19. Hypnotised (1973)

The highpoint of the post-Green, pre-Buckingham/Nicks era, Hypnotised captures Fleetwood Mac in transition. A distinct blues undertow remains in the guitars and vocal, but the overall sound is smooth, cosseting and sunlit, at odds with the paranormally obsessed lyrics. Though still based in England, here they sounded as though they were already in LA.

18. Big Love (1987)

A vastly successful single, there’s a twinge of darkness and unease about Big Love that undercuts its breathy sampled voices and ostensibly lubricious nocturnal mood. For a swinging single on the prowl, Buckingham’s vocal sounds weirdly distressed; the acoustic guitar interjections and pattering electronics are fidgety; the guitar solo broiling.

17. Over My Head (1975)

The first single from 1975’s eponymous Fleetwood Mac was a refinement of the kind of luscious, mid-tempo song McVie had been quietly contributing to their albums for years. Her powers of prescience were still intact: she wrote it about Buckingham, far from the last time another band member would provide a songwriter’s subject matter.

16. Gold Dust Woman (1977)

As if the romantic entanglements depicted elsewhere aren’t emotionally wrenching enough, Rumours ends with a description of a cocaine overdose. Gold Dust Woman offers yet more evidence of the album’s ability to set bleak subject matter in a quite preposterously charming way; that said, the instrumental finale is powerfully dark.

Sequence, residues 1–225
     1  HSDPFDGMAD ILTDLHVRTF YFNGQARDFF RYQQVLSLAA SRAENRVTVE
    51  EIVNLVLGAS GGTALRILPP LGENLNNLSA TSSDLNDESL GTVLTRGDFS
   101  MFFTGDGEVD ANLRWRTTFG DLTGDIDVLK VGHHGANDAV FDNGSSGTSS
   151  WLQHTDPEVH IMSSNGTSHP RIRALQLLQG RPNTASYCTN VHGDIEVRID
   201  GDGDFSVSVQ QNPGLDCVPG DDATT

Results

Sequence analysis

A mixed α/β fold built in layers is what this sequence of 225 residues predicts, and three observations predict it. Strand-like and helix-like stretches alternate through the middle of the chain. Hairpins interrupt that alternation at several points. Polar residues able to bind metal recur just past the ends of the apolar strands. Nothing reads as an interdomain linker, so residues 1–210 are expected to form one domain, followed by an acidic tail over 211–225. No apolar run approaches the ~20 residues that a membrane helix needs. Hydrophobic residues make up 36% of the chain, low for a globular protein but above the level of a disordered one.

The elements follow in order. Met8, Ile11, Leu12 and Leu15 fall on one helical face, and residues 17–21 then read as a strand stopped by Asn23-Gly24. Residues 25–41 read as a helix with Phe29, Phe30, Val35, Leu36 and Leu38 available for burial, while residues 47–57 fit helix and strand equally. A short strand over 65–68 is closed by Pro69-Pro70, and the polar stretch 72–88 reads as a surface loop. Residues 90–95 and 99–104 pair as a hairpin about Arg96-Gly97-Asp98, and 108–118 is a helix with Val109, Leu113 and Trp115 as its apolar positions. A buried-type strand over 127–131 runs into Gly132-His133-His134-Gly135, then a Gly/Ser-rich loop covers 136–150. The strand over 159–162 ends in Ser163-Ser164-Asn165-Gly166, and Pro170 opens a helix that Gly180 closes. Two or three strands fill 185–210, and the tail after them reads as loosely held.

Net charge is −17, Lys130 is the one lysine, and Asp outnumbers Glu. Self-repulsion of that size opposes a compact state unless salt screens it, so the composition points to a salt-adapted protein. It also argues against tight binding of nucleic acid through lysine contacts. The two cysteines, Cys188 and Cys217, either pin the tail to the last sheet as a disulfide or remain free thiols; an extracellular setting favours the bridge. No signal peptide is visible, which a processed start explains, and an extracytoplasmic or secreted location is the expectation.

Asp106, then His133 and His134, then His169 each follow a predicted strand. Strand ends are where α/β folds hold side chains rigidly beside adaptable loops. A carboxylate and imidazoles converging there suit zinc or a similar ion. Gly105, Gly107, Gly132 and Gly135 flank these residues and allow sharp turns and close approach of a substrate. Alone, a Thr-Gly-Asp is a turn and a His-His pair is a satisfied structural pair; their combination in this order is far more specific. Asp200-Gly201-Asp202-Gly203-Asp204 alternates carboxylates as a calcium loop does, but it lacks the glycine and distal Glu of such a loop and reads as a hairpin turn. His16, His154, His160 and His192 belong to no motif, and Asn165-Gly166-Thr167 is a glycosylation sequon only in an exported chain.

15. Tusk (1979)

Hypnotised by new wave, particularly Talking Heads, Buckingham steered Rumours’ follow-up down some unexpected paths, not least on its title track, a chaotic, paranoid melange involving a marching band, voices that whisper and shriek, and a leg of lamb being hit with a spatula. Both weird and weirdly compelling.

14. Landslide (1975)

One reason Fleetwood Mac exploded in the mid-70s was that their new songs chimed with fellow boomers, whose hippy optimism and youthful zeal had been eroded by other concerns: marriage, divorce, parenthood. “Can I handle the seasons of my life?” ponders Nicks’ stunning ballad Landslide. “Even children get older, and I’m getting older, too.”

13. You Make Loving Fun (1977)

To add to Rumours’ interpersonal chaos, You Make Loving Fun features McVie’s husband, John, playing bass on a song hymning her affair with the band’s lighting director. Her claim it was actually about her dog is among rock’s feeblest lies; it really doesn’t account for the chorus’s sighing, post-coital glow.